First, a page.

Blue seats are back, KHL fans want their stars back too and ECHL Skills Competition participants

 

The blueseats, like those from this picture in 2007, are back at MSG, though the spirit of the section never left. (Firefox13/Wikimedia Commons)

The blueseats, like those from this picture in 2007, are back at MSG, though the spirit of the section never left. (Firefox13/Wikimedia Commons)

The famed blue seats of Madison Square Garden are back according to Ken Belson of The New York Times. The World’s Most Famous Arena has undergone a massive amount of changes and renovations the past three years, part of which included taking out some of the balcony seats in order to extend the lower bowl. The building has a brand new feel to it, though new isn’t always better for those loyal fans in the balcony. But the familier sight returned with the Rangers’ home opener against the Pittsburgh Penguins on Sunday. From Belson:

At the Rangers’ home opener Sunday, fans returned to find new seats that matched the blue in those installed in 1968, when the Garden opened. Television screens have been added, as well as new concession stands and bathrooms. The sections were slightly reconfigured, but the structure of the balcony was untouched and the vibe unchanged.

“This is where the true fans sit,” said Leo Strauss, who has had season tickets in the Blue Seats since 1968. “We bleed blue.”

From great sight lines for watching plays develop to truly unique characters, the MSG balcony offers fans an experience they won’t get with the most expensive seats down below. More from Belson:

“You see the same people up there, and you just laugh, the guy who curses, the guy who gets drunk, the woman who knows her hockey and can be pretty sarcastically vicious,” said Steve Kupietzky, who shares a pair of blue seats with Neal Lipschitz, who has had them for more than 40 years. “When you go further down, it’s a different culture.”

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Many of the star players that made this such a memorable and exciting season for fans of the Kontinental League are now back in North America, but there is hope some of the best players in the world will make a return to the KHL in the near future.

From the offensive explosion for the Metallurg Magnitogorsk thanks to Evgeni Malkin, Nikolai Kulemin and Sergei Gonchar to the improvement of one of the KHL’s newest teams Donbass Donetsk with the help of Ruslan Fedotenko, Alexei Ponikarovski and Anton Babchuk, there were positives felt throughout Russia’s top league this season.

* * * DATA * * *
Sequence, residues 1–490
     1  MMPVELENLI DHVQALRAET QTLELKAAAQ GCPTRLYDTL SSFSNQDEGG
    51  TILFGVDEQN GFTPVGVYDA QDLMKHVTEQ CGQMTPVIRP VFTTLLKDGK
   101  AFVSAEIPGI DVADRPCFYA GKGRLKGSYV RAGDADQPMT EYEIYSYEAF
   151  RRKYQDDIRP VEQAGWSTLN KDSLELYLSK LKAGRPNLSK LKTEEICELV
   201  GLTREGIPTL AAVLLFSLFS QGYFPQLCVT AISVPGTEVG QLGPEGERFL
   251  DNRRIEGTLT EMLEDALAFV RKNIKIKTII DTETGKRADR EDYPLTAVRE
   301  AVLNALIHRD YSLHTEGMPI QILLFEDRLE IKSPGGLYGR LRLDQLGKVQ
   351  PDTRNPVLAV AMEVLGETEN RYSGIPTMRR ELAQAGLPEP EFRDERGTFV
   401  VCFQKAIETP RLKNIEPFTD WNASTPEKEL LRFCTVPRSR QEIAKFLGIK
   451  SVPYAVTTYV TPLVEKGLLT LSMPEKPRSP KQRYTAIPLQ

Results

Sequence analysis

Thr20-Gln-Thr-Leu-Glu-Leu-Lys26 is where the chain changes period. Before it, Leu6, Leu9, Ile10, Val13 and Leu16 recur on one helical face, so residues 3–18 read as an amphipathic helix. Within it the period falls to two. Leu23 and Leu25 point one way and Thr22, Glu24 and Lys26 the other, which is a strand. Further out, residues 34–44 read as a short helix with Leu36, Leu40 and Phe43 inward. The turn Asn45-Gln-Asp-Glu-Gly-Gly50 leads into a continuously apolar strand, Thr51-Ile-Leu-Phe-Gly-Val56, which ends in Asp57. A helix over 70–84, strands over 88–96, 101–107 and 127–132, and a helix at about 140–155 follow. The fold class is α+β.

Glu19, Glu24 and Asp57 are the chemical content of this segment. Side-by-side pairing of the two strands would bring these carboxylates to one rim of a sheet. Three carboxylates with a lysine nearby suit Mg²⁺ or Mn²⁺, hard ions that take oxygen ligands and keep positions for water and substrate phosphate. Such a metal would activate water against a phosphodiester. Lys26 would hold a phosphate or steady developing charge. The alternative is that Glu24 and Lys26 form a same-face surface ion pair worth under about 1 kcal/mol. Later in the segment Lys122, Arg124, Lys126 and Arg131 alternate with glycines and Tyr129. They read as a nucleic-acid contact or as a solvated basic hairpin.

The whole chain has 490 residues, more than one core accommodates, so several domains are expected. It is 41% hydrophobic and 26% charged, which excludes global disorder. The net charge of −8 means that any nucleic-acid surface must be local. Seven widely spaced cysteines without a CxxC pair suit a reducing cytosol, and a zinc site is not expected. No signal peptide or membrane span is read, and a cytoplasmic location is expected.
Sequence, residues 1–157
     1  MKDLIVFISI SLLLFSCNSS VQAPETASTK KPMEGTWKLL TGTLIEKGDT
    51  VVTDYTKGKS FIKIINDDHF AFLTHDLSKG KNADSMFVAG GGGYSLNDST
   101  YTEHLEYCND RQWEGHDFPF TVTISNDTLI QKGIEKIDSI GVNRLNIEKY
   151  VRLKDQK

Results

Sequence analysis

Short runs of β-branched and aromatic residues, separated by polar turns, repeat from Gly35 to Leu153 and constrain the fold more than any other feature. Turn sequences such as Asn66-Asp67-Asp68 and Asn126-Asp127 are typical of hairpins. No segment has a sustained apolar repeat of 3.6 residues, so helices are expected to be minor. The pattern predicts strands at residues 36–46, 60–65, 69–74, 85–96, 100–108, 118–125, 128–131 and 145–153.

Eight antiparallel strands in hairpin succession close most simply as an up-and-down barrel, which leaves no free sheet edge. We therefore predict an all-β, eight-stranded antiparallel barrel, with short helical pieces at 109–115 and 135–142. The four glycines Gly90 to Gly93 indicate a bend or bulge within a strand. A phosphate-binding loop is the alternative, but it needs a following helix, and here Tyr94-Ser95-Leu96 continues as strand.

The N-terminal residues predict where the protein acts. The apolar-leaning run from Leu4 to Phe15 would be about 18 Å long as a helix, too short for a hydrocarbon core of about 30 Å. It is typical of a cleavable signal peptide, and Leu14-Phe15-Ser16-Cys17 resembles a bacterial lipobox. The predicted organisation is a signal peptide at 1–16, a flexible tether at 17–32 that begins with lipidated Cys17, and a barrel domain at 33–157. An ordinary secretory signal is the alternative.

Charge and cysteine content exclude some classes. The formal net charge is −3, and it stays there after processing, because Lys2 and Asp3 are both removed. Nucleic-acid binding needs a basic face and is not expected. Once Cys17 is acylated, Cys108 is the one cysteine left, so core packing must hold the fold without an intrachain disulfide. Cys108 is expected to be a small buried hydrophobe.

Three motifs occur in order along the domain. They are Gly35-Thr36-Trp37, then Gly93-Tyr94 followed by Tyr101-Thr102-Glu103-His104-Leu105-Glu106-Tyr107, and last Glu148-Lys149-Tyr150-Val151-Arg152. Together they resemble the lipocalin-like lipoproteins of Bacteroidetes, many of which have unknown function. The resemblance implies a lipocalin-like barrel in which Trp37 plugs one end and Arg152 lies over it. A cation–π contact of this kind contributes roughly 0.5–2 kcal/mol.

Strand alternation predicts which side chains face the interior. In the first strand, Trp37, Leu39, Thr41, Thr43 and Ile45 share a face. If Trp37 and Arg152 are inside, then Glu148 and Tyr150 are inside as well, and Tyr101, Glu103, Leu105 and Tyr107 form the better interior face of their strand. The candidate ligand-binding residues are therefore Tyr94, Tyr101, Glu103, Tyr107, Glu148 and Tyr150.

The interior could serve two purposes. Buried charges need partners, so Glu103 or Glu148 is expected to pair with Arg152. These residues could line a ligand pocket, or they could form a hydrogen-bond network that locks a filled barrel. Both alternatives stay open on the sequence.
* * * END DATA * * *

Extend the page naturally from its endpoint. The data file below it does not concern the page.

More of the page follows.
But one of the biggest stars, Ilya Kovalchuk who spent the first half of the season with SKA St. Petersberg, came the closest to staying and there was speculation he would finish the season in Russia due to bitterness over the NHL’s lockout. But that doesn’t mean he may not return soon, despite being in the third year of a 15-year deal. From the KHL’s official website:

But, as former Devils defenseman Vyacheslav Fetisov, now a member of the KHL’s governing council, told Sovietsky Sport, it may be possible to buy Kovi out of his NHL deal before it is due to expire in distant 2025. “You can buy out a contract, especially if there are financial problems with New Jersey,” Fetisov said. “Ilya has done the right thing, he should complete this season with the Devils then talk to [general manager] Lou Lamorello about the future.”

If or when players decide to return to Europe, they now know there is another place to play and more fans waiting to cheer them on. The KHL took a step forward this year and certainly gained momentum to drive the league forward.

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Participants in the East Coast League’s All-Star Skills Competition, which will take place on Tuesday at 7:05 MST (9:05 EST) at the Budweiser Events Center in Loveland, Colorado, have been announced. Click the link above for the complete list of contestants.

Events will include the team skills course, shooting accuracy, rapid fire competition, fastest skater, hardest shot and breakaway relay. The event will be broadcast live on America ONE Sports, the official broadband broadcaster of the ECHL.

Each of the past nine ECHL All-Star Games has raised over $1 million for the local economy and since 2002, 39 players in the game have gone on to play in the NHL.

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